Data from FDA (Food and Drug Administration, USA) - Curated by EPG Health - Last updated 08 May 2018

Indication(s)

1 INDICATIONS AND USAGE ARAVA is indicated for the treatment of adults with active rheumatoid arthritis (RA). ARAVA is a pyrimidine synthesis inhibitor indicated for the treatment of adults with active rheumatoid arthritis. (1)

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Advisory information

contraindications

4 CONTRAINDICATIONS ARAVA is contraindicated in: Pregnant women.

Arava may cause fetal harm.

If a woman becomes pregnant while taking this drug, stop ARAVA, apprise the patient of the potential hazard to the fetus, and begin a drug elimination procedure [see Warnings and Precautions (5.1 and 5.3) and Use in Specific Populations (8.1)].

Patients with severe hepatic impairment [see Warnings and Precautions (5.2)].

Patients with known hypersensitivity to leflunomide or any of the other components of ARAVA. Known reactions include anaphylaxis [see Adverse Reactions (6.1)].

Patients being treated with teriflunomide [see Drug Interactions (7)].

Pregnancy.

(4, 5.1, 8.1) Severe hepatic impairment.

(4, 5.2) Hypersensitivity to ARAVA or any of its inactive components.

(4) Current teriflunomide treatment.

(4)

Adverse reactions

6 ADVERSE REACTIONS The following serious adverse reactions are described elsewhere in the labeling: Hepatotoxicity [see Warnings and Precautions (5.2)] Immunosuppression [see Warnings and Precautions (5.4)] Bone marrow suppression [see Warnings and Precautions (5.4)] Stevens-Johnson syndrome and toxic epidermal necrolysis [see Warnings and Precautions (5.5)] Peripheral neuropathy [see Warnings and Precautions (5.7)] Interstitial lung disease [see Warnings and Precautions (5.8)] The most commonly reported adverse reactions (?10 %) regardless of relation to ARAVA treatment were diarrhea, respiratory infection, nausea, headache, rash, abnormal liver enzymes, dyspepsia.

(6.1) To report SUSPECTED ADVERSE REACTIONS, contact sanofi-aventis U.S. LLC at 1-800-633-1610 or FDA at 1-800-FDA-1088 or www.fda.gov/medwatch 6.1 Clinical Trials Experience Because clinical studies are conducted under widely varying conditions, adverse reaction rates observed in the clinical studies of a drug can not be directly compared to rates in the clinical studies of another drug and may not reflect the rates observed in practice.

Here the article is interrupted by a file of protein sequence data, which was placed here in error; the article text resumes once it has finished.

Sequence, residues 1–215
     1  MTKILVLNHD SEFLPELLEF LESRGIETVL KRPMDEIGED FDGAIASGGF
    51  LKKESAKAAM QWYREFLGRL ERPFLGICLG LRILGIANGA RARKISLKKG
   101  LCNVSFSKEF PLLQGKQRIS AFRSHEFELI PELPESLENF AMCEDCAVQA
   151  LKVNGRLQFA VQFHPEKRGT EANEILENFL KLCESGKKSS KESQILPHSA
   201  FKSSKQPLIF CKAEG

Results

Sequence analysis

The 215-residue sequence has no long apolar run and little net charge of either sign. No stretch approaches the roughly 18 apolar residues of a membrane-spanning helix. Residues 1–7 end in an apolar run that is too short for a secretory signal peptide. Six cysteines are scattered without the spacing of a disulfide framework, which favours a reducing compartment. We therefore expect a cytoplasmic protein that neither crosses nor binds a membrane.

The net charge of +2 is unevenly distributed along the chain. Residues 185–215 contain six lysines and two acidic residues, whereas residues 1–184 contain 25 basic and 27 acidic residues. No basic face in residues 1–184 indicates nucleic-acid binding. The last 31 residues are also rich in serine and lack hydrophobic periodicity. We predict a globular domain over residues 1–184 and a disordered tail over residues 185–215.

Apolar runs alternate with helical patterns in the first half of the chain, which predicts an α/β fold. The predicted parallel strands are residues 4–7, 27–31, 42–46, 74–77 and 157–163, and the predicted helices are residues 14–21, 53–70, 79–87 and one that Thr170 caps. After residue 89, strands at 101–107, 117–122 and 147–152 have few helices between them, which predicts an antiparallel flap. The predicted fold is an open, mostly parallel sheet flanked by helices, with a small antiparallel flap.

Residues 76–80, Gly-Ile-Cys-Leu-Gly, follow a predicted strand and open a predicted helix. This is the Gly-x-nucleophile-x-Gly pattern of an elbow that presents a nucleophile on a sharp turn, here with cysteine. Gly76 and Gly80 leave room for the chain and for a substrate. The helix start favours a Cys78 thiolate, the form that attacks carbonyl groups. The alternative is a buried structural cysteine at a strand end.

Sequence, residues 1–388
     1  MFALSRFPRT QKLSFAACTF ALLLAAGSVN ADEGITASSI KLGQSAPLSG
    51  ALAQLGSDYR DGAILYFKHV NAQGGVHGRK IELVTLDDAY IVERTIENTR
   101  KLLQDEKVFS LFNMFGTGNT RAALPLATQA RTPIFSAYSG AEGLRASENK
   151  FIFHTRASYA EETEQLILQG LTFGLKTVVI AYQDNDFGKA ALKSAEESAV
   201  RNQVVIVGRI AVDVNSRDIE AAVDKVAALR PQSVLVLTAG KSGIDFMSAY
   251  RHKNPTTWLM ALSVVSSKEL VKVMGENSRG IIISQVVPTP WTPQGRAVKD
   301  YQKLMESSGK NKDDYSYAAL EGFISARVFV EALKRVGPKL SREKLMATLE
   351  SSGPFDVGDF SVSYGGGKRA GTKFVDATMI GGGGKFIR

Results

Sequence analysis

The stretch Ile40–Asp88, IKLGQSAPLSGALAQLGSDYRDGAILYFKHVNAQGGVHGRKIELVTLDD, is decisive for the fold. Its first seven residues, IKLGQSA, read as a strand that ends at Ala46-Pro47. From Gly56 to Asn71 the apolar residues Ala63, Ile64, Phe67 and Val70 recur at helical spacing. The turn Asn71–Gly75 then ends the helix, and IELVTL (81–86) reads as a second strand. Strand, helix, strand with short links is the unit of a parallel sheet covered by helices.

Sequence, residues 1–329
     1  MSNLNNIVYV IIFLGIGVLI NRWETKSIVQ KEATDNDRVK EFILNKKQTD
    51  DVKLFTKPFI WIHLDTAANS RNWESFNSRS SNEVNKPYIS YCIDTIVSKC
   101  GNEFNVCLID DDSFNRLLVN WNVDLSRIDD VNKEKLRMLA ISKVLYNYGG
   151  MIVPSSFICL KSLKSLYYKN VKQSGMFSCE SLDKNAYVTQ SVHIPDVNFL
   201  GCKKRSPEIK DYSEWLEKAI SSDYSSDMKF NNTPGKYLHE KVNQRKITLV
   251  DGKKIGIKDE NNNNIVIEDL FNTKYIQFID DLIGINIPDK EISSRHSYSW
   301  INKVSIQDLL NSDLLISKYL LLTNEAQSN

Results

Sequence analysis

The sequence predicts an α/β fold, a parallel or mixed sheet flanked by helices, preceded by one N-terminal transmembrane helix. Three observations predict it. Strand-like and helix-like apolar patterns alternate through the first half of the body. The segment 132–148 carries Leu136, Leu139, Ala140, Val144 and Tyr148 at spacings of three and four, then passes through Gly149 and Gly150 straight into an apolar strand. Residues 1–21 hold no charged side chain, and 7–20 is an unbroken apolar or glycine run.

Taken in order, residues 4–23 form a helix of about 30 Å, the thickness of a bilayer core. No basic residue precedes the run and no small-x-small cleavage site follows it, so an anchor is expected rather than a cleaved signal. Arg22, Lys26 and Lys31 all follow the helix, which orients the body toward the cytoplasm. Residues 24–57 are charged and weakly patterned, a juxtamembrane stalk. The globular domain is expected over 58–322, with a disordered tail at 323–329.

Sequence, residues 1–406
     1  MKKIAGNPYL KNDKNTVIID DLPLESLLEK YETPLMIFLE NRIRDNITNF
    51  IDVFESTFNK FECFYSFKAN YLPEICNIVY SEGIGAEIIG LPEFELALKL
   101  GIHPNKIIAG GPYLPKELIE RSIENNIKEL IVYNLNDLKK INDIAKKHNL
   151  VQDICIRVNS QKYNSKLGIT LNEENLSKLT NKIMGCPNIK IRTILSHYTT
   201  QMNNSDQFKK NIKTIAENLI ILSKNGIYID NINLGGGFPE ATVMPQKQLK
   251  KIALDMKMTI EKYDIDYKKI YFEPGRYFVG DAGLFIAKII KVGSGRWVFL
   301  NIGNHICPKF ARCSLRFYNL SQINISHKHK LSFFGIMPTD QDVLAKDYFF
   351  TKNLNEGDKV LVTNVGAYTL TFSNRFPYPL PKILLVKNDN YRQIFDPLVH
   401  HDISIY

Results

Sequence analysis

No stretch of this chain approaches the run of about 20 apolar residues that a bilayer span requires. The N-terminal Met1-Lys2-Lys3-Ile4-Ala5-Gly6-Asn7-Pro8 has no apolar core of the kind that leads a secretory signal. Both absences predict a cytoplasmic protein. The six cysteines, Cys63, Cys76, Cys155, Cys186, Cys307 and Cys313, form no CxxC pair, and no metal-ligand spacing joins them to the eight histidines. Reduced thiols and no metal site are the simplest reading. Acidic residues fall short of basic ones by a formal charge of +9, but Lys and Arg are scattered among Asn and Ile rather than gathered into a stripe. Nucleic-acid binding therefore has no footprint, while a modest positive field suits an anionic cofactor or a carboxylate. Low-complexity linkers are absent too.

In clinical studies (Trials 1, 2, and 3), 1,865 patients were treated with ARAVA administered as either monotherapy or in combination with methotrexate or sulfasalazine.

Patients ranged in age from 19 to 85 years, with an overall median age of 58 years.

The mean duration of RA was 6 years ranging from 0 to 45 years.

Elevation of Liver Enzymes Treatment with ARAVA was associated with elevations of liver enzymes, primarily ALT and AST, in a significant number of patients; these effects were generally reversible.

Most transaminase elevations were mild (?

2-fold ULN) and usually resolved while continuing treatment.

Marked elevations (>3-fold ULN) occurred infrequently and reversed with dose reduction or discontinuation of treatment.

Table 1 shows liver enzyme elevations seen with monthly monitoring in clinical trials Trial 1 and Trial 2.

It was notable that the absence of folate use in Trial 3 was associated with a considerably greater incidence of liver enzyme elevation on methotrexate.

Table 1.

Liver Enzyme Elevations >3-fold Upper Limits of Normal (ULN) in Patients with RA in Trials 1, 2, and 3Only 10 % of patients in Trial 3 received folate.

All patients in Trial 1 received folate.

Trial 1 Trial 2 Trial 3 ARAVA PL MTX ARAVA PL SSZ ARAVA MTX 20 mg/day (n= 182) (n=118) 7.5 - 15 mg/wk (n=182) 20 mg/day (n=133) (n=92) 2.0 g/day (n=133) 20 mg/day (n=501) 7.5 - 15 mg/wk (n=498) MTX = methotrexate, PL = placebo, SSZ = sulfasalazine, ULN = Upper limit of normal ALT (SGPT) >3-fold ULN (n %) 8 (4.4) 3 (2.5) 5 (2.7) 2 (1.5) 1 (1.1) 2 (1.5) 13 (2.6) 83 (16.7) Reversed to?

2-fold ULN: 8 3 5 2 1 2 12 82 Timing of Elevation 0-3 Months 6 1 1 2 1 2 7 27 4-6 Months 1 1 3

-_-

1 34 7-9 Months 1 1 1

-_-_-

16 10-12 Months

-_-_-_-_-

5 6 In a 6 month study of 263 patients with persistent active rheumatoid arthritis despite methotrexate therapy, and with normal LFTs, ARAVA was administered to a group of 130 patients starting at 10 mg per day and increased to 20 mg as needed.